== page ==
Kaiser Ventures Inc., a spinoff of defunct Kaiser Steel Corp. that has holdings in racetracks, a prison and water wells, said Friday that it has hired Merrill Lynch to explore the possibility of selling off some of its major real estate assets.
The decision to hire an advisor comes after the company's two largest shareholders in October pressured Kaiser to come up with a plan for increasing the value of their holdings.
"The company has a responsibility to address those issues," said David Rogers, an analyst with Marion Bass Securities Corp. in Charlotte, N.C. He added that Kaiser may maintain the status quo or it could start selling off some or all of its substantial land holdings.
Kaiser Vice President Pamela Catlett said the company is considering completing two major development projects, including the controversial Eagle Mountain landfill in the Mojave Desert, to boost land asset value.
On Friday, Kaiser shares rose $1.94 to close at $13 on Nasdaq.
The Ontario-based company, founded as Kaiser Steel in 1941 by Henry Kaiser, was a mighty manufacturer of steel for warships used in World War II. It was forced to redevelop its properties after the steelmaker went bankrupt in 1987.
What emerged were several diverse ventures, including holdings in Penske Motorsports' California Speedway, a 90,000-seat auto race track on the site of the former steel mill near Fontana; a 400-inmate state prison in Blythe, where company miners once carved iron ore out of the desert; and well water (once used to cool steel at the mill) that flows to more than 100,000 Inland Empire homes and businesses and is now leased by the Cucamonga County Water District.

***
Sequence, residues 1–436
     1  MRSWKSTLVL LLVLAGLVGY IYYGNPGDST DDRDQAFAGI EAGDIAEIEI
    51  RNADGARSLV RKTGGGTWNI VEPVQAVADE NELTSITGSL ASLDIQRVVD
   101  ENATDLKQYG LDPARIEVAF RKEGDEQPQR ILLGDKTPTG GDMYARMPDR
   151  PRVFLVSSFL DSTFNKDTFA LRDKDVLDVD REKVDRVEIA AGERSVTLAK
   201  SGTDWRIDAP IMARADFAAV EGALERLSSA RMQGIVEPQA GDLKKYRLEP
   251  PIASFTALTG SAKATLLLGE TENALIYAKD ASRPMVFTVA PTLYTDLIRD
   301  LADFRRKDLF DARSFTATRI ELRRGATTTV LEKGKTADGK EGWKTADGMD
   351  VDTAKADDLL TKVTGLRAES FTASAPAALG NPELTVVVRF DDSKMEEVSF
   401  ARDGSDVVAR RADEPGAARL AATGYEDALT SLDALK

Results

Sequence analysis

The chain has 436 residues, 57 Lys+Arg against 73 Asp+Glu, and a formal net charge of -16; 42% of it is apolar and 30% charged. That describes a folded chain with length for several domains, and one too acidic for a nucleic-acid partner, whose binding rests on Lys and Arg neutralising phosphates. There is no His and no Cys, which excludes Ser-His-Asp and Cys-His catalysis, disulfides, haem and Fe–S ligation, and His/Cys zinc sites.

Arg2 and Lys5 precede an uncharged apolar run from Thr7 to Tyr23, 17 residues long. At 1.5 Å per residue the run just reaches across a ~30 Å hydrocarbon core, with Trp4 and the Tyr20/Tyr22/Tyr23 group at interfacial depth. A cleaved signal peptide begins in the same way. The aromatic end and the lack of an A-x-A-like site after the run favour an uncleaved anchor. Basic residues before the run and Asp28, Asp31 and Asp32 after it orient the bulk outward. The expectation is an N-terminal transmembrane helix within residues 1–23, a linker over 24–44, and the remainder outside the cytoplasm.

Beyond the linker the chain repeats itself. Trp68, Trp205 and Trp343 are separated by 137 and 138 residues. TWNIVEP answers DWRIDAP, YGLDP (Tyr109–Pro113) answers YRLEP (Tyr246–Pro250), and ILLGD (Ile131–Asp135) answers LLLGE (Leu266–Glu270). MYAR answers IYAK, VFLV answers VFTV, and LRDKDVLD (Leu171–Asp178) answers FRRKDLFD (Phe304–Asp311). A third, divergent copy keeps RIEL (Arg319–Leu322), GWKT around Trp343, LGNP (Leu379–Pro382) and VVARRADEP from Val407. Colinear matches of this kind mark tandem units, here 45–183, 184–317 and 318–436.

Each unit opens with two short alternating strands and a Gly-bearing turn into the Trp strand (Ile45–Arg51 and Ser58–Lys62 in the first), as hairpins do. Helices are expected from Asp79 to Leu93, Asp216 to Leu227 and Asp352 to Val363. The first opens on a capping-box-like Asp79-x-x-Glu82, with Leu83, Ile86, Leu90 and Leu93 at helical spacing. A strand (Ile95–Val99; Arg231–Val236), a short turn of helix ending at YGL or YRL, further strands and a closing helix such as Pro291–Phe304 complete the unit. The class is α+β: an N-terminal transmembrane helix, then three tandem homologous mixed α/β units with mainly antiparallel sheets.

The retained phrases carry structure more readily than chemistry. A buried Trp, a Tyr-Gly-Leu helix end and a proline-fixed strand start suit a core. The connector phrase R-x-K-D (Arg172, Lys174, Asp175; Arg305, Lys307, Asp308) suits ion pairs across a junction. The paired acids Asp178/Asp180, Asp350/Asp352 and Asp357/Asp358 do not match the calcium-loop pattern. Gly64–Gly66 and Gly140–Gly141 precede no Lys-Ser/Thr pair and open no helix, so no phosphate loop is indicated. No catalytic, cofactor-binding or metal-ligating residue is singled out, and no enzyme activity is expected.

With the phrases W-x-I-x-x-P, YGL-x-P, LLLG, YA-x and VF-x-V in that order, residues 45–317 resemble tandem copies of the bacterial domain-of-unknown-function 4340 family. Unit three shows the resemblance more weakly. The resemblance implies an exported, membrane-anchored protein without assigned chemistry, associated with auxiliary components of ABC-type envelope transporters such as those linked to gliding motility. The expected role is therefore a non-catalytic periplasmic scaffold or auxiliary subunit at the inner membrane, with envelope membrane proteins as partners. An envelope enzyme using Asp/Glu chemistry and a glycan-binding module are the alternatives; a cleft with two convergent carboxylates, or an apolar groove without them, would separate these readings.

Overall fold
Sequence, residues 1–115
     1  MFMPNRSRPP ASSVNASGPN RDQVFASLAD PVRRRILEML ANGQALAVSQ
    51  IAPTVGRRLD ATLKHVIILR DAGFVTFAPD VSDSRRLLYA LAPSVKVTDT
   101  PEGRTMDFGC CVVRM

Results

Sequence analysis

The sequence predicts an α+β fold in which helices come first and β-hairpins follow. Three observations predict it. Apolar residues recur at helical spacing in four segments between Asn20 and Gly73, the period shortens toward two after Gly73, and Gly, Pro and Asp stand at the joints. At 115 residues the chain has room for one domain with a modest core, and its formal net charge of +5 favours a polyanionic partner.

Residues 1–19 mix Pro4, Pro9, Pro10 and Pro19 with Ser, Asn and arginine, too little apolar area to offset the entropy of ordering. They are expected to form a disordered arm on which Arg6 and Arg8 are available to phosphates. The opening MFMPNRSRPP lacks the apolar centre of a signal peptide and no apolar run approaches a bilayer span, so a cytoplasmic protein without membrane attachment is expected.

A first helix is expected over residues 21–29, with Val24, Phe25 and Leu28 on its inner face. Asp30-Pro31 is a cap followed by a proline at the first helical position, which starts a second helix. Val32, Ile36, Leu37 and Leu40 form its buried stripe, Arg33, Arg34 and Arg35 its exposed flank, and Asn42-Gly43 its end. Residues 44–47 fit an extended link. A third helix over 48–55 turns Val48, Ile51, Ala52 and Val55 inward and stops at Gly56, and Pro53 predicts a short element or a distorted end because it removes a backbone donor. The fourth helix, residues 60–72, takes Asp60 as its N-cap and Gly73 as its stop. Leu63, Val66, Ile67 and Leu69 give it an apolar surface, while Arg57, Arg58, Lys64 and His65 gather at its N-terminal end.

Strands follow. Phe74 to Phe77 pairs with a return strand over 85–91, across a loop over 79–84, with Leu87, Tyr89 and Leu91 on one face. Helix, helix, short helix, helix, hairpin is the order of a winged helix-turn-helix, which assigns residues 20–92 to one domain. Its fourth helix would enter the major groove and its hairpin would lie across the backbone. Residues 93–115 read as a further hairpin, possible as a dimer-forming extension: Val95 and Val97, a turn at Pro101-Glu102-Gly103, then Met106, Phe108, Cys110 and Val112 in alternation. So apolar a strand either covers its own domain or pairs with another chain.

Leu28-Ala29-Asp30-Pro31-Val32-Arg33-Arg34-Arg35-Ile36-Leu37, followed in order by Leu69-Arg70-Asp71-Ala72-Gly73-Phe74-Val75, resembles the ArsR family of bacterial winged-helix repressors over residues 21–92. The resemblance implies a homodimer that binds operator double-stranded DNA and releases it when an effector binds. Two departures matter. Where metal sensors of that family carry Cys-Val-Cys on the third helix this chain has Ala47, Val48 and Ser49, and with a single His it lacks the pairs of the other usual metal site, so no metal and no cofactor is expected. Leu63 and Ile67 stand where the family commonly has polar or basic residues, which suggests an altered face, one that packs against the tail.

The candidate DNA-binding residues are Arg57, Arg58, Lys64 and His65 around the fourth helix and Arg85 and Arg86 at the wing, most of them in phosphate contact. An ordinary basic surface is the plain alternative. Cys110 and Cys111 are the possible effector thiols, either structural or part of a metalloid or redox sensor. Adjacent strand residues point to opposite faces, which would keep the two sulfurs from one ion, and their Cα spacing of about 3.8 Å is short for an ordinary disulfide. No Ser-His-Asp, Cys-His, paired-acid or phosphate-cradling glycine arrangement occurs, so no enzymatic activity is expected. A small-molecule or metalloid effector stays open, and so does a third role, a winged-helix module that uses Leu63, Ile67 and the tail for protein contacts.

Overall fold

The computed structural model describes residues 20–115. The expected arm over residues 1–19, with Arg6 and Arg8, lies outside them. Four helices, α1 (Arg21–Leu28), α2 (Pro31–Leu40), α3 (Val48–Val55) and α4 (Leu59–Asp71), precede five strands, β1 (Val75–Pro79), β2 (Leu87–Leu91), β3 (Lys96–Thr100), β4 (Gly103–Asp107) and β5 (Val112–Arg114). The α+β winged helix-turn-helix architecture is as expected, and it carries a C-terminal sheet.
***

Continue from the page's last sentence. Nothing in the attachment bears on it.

Rogers said Kaiser's hiring of Merrill Lynch was "fortuitous timing" since California's real estate market appears to be on an upswing.
"There is some substantial real estate that is extremely valuable and strategically placed at the 10 and 15 freeways," he said.
In 1997, Kaiser Ventures had $10 million in revenue and $848,000 in profit. Catlett said Kaiser may pursue plans to turn 450 of its 600 undeveloped acres in Fontana into a trucking and warehouse operations center and to complete the Eagle Mountain landfill, which would include converting a 4,000-acre abandoned iron ore mine into a garbage dump.
Last year, the Riverside County Planning Commission supported Kaiser's plans for the landfill, but in February a San Diego County Superior Court judge overturned its request, over two issues: endangerment of the survival of the desert tortoise and the landfill's proximity to Joshua Tree National Monument.